Soft Qigong (Rou Gong), Inner Qigong (Nei Gong); Slow Pace, Gentle, Soft, At Ease, Relaxed (Sung), Rooted/Sunk, Yin Style
Eight Section Brocade Exercise
I Ch'ing Trigram
Parts of the Body Affected
|1. Pressing Up to the Heavens with|
Ch'ien, Qián, Heaven, Sky, Air
|Heart, Small Intestine, Stomach, Lungs|
(The Triple Warmer)
|2. Drawing the Bow and Letting the Arrow Fly||Southwest, Mid-Summer|
|Kidneys, Spleen, Waist, Eyes, Legs|
|4. Wise Owl Gazes Backward||West, Autumn|
|Lungs, Immune System, Large Intestine|
|5. Big Bear Turns from Side to Side||Northwest, Mid-Autumn|
Ken, Gèn, Mountain
|Heart, Waist, Legs|
|3. Separating Heaven and Earth||North, Winter|
|Spleen, Kidneys, Bladder, Pancreas|
|8. Shaking the Body||Northeast, Mid-Winter|
Chen, Zhèn, Thunder
|Immune System, Calves, Feet|
|6. Punching with Angry Gaze||Spring, East|
|Liver, Gallbladder, Blood, Eyes|
|8. Touching Toes then Bending Backwards||Southeast, Mid-Spring|
|Kidneys, Waist, Legs, Back|
The above three charts were proposed in 2005 by Mike Garofalo, in his webpage on the Eight Section Brocade. See also Mike's webpage on the Eight Trigrams.
In 2014, Christina Barea-Young and Peyton Young provided another set of associations for the Eight Section Brocade movements with the Eight Trigrams in Qi Magazine (Volume 24, No. 2, 2014, p. 48).
I find these kinds of correlations, associations, and relational charts quite inconsistent between various authors. Yoga, Western Esoteric Magic, and Qigong have many of the same kind of charts and tables of correlations; again, with considerable inconsistency between various "masters." Other than the "traditions of specific esoteric schools", I find the associations rather arbitrary and fanciful, primarily aids to remembering clusters of ideas, poetic devices, magical-metaphysical lore, and lacking in much pragmatic-scientific meaningfulness. Contrast these charming and pre-scientific tables with the modern and justifiably famous "Periodic Table of the Elements" for a real lesson in an objective and empirical approach to understanding the world. Nevertheless, these clusters of ideas may stimulate the imagination, and are fun for playing thought games.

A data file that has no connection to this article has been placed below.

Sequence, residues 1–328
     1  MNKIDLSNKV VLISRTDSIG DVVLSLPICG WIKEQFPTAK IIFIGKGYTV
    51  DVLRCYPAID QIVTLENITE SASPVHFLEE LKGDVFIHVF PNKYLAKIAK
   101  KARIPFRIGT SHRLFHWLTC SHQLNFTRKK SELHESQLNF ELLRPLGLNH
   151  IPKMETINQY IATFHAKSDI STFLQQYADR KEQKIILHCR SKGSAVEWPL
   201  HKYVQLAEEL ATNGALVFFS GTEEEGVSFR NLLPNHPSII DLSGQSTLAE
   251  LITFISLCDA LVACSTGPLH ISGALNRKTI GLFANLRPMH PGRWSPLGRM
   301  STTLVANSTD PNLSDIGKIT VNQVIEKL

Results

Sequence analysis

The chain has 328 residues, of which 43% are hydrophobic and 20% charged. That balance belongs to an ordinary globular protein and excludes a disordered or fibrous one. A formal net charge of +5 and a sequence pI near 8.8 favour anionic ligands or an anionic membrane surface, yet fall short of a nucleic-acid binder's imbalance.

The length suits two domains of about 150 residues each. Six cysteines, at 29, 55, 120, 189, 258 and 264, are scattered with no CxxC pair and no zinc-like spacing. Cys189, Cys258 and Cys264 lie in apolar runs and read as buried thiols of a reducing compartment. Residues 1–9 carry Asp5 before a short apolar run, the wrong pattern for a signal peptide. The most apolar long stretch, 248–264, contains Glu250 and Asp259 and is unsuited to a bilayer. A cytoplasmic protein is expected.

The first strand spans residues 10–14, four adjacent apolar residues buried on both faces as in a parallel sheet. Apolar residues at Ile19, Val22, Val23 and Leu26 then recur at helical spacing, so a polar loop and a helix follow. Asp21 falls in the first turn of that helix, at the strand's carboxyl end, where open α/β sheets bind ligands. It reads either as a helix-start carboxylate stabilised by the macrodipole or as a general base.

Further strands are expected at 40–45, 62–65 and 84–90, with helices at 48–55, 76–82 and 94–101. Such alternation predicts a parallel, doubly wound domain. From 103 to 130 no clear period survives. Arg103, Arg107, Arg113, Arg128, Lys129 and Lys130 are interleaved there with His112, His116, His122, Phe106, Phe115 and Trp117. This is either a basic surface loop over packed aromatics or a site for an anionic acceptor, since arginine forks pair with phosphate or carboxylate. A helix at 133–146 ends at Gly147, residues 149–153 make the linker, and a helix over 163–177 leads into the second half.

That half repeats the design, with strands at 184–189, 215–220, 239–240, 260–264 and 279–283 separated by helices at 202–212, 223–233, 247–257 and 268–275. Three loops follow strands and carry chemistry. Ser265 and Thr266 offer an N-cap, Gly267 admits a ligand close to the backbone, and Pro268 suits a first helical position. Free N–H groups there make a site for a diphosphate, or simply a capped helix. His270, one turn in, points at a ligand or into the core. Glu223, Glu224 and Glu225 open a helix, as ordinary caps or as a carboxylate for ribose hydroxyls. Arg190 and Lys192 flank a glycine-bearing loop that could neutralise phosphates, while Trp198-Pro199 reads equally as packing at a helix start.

"The names of the 108 Forms are each symbolic and signify concepts removed from the literal physicality of the object - horse, tiger, bird, and so forth. Each name has its separate allusion, and metaphorically may connote an aspiration, a philosophical attitude towards self and conduct, a turn of mind, a sense of being, some thought about life and spirit. The true meanings are revealed when the T'ai-Chi Ch'uan exponent has advanced to that stage of experience comprehension where he can utilize the implication of the philosophical intentions, and where the symbols can be part of his growing consciousness. This happens only when the mind and body have "changed" and absorbed the reasons for mental, emotional, and physical unity."
- Sophia Delza, The T'ai Chi Ch'uan Experience, 1996, p. 24
The above long chart is more readable on my Eight Section Brocade webpage, 441 KB, last updated on June 20, 2014.